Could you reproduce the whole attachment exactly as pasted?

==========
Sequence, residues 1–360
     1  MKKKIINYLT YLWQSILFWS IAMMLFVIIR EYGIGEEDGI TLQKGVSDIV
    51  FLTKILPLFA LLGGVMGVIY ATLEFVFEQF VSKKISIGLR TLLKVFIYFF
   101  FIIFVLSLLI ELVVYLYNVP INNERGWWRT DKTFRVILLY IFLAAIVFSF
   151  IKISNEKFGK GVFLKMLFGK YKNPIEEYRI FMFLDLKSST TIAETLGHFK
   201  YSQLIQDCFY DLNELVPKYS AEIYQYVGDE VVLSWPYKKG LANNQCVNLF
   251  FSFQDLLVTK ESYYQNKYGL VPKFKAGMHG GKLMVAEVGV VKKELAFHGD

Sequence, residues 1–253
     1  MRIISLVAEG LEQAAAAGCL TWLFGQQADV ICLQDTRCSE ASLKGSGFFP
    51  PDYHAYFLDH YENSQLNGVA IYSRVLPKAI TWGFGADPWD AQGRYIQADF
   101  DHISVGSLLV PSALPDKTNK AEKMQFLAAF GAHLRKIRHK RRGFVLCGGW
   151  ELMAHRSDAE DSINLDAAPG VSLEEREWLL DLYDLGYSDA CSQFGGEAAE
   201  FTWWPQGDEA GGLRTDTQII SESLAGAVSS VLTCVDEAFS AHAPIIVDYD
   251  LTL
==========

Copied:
Sequence, residues 1–360
     1  MKKKIINYLT YLWQSILFWS IAMMLFVIIR EYGIGEEDGI TLQKGVSDIV
    51  FLTKILPLFA LLGGVMGVIY ATLEFVFEQF VSKKISIGLR TLLKVFIYFF
   101  FIIFVLSLLI ELVVYLYNVP INNERGWWRT DKTFRVILLY IFLAAIVFSF
   151  IKISNEKFGK GVFLKMLFGK YKNPIEEYRI FMFLDLKSST TIAETLGHFK
   201  YSQLIQDCFY DLNELVPKYS AEIYQYVGDE VVLSWPYKKG LANNQCVNLF
   251  FSFQDLLVTK ESYYQNKYGL VPKFKAGMHG GKLMVAEVGV VKKELAFHGD

Sequence, residues 1–253
     1  MRIISLVAEG LEQAAAAGCL TWLFGQQADV ICLQDTRCSE ASLKGSGFFP
    51  PDYHAYFLDH YENSQLNGVA IYSRVLPKAI TWGFGADPWD AQGRYIQADF
   101  DHISVGSLLV PSALPDKTNK AEKMQFLAAF GAHLRKIRHK RRGFVLCGGW
   151  ELMAHRSDAE DSINLDAAPG VSLEEREWLL DLYDLGYSDA CSQFGGEAAE
   201  FTWWPQGDEA GGLRTDTQII SESLAGAVSS VLTCVDEAFS AHAPIIVDYD
   251  LTL